by Randy Walker
Marat Safin provided for press conference laughs, visited Rio’s famous Corcovado and played a little soccer Thursday upon arrival in the 2016 Olympic city in preparation for his debut tournament on the Champions Series tennis circuit.
Safin, the former world No. 1 who retired from the ATP World Tour last fall, will make his Champions Series debut at the Banco Cruzerio do Sul Rio Champions Cup that starts Friday. Safin, the champion at the 2000 U.S. Open and the 2005 Australian Open, will play Wayne Ferreira in Friday’s quarterfinals. The Banco Cruzeiro do Sul Rio Champions Cup is the opening event on the 2010 Champions Series tennis circuit, the U.S.-based international tennis circuit for champion tennis players age 30 and over.
After arriving in Rio, the 30-year-old Safin joined Cedric Pioline and Mark Philippoussis and visited the city’s most iconic site — the Corcovado — and enjoyed the view of the city from the famed statue of Christ. Following his tourist jaunt, Safin then stole the show in the tournament’s kick-off press conference, showing off his humor and charisma that earned him many fans around the world.
“It is almost a comedy that I am back in such a short time,” said Safin of so quickly jumping from the ATP World Tour on the Champions Series circuit. “It is an honor to be playing with these legends.”
Asked if it is true or not that he enjoyed the night life and women so much that it affected his tennis, he answered without hesitation. “I am gonna answer with another question to you,” he said. “If I drink, go out and do all the other things you said about the women, how would I have managed to be who I am?” After listening to fellow competitor Jim Courier whisper in his ear the word talent, he continued. “I would either be too talented or too organized.”
When asked by the media if he planned to hit the party scene in Rio, Safin said, “As some of the players are here with their wives, they will definitely be out of my team.”
Courier then said that he would probably spend his time having the national drink of Brazil, the Caipirinha. Safin then replied that he came here to play and to work and that he intends to spend a lot of his time on court and with the kids and the sponsors.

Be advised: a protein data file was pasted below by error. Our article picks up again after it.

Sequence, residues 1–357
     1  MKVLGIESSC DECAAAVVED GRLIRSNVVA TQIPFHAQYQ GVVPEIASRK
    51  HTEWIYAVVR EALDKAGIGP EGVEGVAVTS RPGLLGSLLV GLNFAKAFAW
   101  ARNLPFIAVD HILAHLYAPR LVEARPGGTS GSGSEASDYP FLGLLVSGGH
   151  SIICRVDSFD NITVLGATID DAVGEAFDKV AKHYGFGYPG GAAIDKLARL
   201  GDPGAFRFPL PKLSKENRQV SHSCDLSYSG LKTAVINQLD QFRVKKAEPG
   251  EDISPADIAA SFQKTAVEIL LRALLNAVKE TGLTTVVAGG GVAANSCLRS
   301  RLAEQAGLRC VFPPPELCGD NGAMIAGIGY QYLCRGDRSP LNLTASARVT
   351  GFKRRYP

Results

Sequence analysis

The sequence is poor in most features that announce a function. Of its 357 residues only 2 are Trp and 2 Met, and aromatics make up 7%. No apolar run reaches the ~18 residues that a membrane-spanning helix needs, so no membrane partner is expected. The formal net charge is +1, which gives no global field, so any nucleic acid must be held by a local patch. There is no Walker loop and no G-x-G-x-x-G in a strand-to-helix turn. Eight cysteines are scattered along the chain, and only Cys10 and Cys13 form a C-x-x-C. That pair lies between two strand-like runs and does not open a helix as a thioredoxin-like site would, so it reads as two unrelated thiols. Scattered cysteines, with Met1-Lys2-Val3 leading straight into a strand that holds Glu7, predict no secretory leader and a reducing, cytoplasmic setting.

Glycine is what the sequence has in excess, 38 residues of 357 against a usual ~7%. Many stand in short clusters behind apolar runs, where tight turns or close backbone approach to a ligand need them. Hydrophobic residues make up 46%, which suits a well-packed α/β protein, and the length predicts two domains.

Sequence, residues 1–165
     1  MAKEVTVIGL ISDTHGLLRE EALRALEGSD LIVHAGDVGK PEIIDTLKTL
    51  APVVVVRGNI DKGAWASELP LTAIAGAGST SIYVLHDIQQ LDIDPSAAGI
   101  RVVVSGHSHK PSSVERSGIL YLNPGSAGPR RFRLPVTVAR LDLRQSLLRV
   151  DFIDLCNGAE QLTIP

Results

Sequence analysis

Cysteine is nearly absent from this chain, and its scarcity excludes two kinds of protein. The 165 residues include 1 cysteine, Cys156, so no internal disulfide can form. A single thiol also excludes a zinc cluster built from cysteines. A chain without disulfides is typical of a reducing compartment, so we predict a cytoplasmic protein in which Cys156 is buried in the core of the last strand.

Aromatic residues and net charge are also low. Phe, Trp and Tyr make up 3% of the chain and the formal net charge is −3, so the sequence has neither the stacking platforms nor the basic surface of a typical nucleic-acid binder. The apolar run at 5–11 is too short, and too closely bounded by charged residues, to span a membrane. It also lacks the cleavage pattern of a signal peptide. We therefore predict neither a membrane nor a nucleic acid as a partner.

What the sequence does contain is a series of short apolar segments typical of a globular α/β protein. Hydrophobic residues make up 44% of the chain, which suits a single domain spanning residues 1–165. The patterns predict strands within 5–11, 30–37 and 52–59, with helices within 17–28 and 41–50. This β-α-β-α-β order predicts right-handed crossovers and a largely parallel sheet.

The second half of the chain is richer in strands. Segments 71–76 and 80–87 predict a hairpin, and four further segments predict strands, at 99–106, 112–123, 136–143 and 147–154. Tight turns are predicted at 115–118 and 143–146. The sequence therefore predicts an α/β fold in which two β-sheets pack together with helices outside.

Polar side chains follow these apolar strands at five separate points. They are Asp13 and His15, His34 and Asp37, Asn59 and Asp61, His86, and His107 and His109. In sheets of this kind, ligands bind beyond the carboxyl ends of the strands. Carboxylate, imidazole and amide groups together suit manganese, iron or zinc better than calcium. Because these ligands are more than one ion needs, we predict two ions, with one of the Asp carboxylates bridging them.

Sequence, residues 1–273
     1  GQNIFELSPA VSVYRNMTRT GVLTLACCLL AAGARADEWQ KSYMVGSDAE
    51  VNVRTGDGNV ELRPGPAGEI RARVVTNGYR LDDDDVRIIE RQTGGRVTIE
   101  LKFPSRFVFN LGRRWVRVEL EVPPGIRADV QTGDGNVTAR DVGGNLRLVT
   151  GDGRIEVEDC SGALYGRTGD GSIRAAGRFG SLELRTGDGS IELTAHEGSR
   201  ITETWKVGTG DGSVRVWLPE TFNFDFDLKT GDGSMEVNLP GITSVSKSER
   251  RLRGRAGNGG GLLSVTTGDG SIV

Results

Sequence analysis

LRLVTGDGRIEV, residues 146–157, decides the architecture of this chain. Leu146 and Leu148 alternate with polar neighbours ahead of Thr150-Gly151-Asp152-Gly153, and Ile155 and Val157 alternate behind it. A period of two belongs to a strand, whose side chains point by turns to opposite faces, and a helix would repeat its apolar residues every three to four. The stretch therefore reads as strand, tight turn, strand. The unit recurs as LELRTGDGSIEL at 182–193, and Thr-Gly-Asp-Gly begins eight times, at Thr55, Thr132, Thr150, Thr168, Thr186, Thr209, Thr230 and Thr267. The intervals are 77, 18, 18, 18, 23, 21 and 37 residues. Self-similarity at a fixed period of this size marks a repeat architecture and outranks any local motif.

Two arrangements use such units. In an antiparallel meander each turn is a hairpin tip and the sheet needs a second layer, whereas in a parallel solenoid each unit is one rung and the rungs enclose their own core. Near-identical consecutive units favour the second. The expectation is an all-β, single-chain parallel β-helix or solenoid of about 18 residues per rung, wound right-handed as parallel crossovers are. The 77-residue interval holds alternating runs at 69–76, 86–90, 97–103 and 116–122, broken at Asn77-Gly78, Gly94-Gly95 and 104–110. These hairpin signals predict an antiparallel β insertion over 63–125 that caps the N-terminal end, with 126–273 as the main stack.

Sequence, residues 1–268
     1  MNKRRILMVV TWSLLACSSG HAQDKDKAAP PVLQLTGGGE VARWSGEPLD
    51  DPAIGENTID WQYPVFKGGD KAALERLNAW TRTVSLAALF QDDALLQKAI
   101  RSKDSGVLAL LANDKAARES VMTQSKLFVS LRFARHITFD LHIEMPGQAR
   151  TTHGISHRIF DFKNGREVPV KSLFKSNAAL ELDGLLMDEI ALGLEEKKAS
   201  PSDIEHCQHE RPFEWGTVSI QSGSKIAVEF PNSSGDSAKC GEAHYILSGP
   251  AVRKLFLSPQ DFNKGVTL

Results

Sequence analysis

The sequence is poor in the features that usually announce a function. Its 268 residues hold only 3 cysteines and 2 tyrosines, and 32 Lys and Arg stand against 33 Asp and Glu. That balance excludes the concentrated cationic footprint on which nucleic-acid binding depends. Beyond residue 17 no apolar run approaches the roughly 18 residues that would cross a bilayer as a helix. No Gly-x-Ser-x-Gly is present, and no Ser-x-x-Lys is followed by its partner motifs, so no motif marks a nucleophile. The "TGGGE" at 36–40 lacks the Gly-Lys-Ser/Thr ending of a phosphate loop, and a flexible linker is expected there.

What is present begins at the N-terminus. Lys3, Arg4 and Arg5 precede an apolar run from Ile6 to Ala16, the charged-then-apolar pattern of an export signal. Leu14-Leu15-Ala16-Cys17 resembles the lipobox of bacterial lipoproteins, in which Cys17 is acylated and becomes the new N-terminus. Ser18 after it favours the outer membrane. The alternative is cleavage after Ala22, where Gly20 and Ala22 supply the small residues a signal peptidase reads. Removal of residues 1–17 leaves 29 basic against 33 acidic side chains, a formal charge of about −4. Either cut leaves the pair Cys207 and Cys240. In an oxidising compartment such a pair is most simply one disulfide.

At the end of the 2000 season, Safin and Brazil’s superstar Gustavo Kuerten battled for the year-end No. 1 ATP World Tour ranking until the waning days of the season at the year-end championships in Lisbon, Portugal. Said Safin, “I will never forgive Guga because he stole the number one ranking from me in 2000, but we had great matches, he has a great personality, was very important for tennis in Brazil and I think he was the first one that played fast and aggressive tennis on clay.”
Safin’s trip to Rio marks his first trip to South America and he explained to the media why he never cared to play the ATP South American tournaments. “I am going to explain to you,” he said. “Early on the tour, I learned that it wasn’t interesting for me to play in South America, because here it is too much work and not a lot of money. The tournaments here are ATP 250 and if I come, I play (Fernando) Meligeni in the first round, (Juan Ignacio) Chela or (Gaston) Gaudio in the second, maybe Kuerten and then I would have spent four or five hours to win each match, would maybe lose in the semis and get a prize money of approximately US$10,000. With the taxes and air fares, I would win nothing. That is why I always played in Europe and in the States, on the hard courts that I like better.”
To end the meeting with the media, Safin said that he doesn’t intend to be a tennis coach and that being a coach is much different than being a player. “I am not ready to be a coach and I am definitely not going to follow this career,” he said.
Following the press conference, to continue a tradition that started last year at the inaugural Rio Champions Cup, all of the competing players went to the famed soccer field, the Maracana Stadium, where they were greeted by the stadium’s most famous player, Zico. Having scored 333 goals during his career at Maracana, Zico waited for the players inside the field, autographed and gave each of them a national team t-shirt and kicked the ball around with the men who are more talented handling balls with racquets than feet.
“It is an honor for me to meet Zico at the Maracana Stadium,” said Safin. “I would have liked to be at the Stadium when it could host 200,000 people. Now it is only half, but it still big. It is very nice that the event did it for us and we had a lot of fun playing with him.”
Also competing in the eight-player, single-knock out event are Courier, Pioline, Philippoussis, Meligeni, Mats Wilander and Mikael Pernfors. The event will feature $150,000 in total prize money, with the singles champion earning $60,000. Tickets can be purchased by calling 5521-3005-4023. Ticket information — as well as behind the scenes video footage from the event shot by Courier — can also be found at www.ChampionsSeriesTennis.com. The full schedule of play at the event is as follows:
Friday 12th March: Starting at 6 pm
Quarterfinal #1 — Fernando Meligeni vs. Mikael Pernfors
Quarterfinal #2 — Mark Philippoussis vs. Cedric Pioline
Quarterfinal #3 — Marat Safin vs. Wayne Ferreira
Quarterfinal #4 — Jim Courier vs. Mats Wilander
Saturday 13th March: Starting at 6 pm
Men’s Doubles Match
Semifinal #1 — Winner of Safin/Ferreira vs. Meligini/Pernfors
Semifinal #2 — Winner of Philippoussis/Pioline vs. Courier/Wilander
Sunday 14th March: Starting at 11 am
3rd Place Match
Also Check Out:
Safin Returning to Tennis, Senior Tennis
Edberg Beats Safin for Seniors Grand Cayman Tennis Title
Sampras Goes Greek for New Senior Tour Event
Rafter Beats Courier, Awaits Sampras in Seniors Los Cabos Final
ATP LA Preview: Roddick, Fish Look for Rebound Amidst Strong Field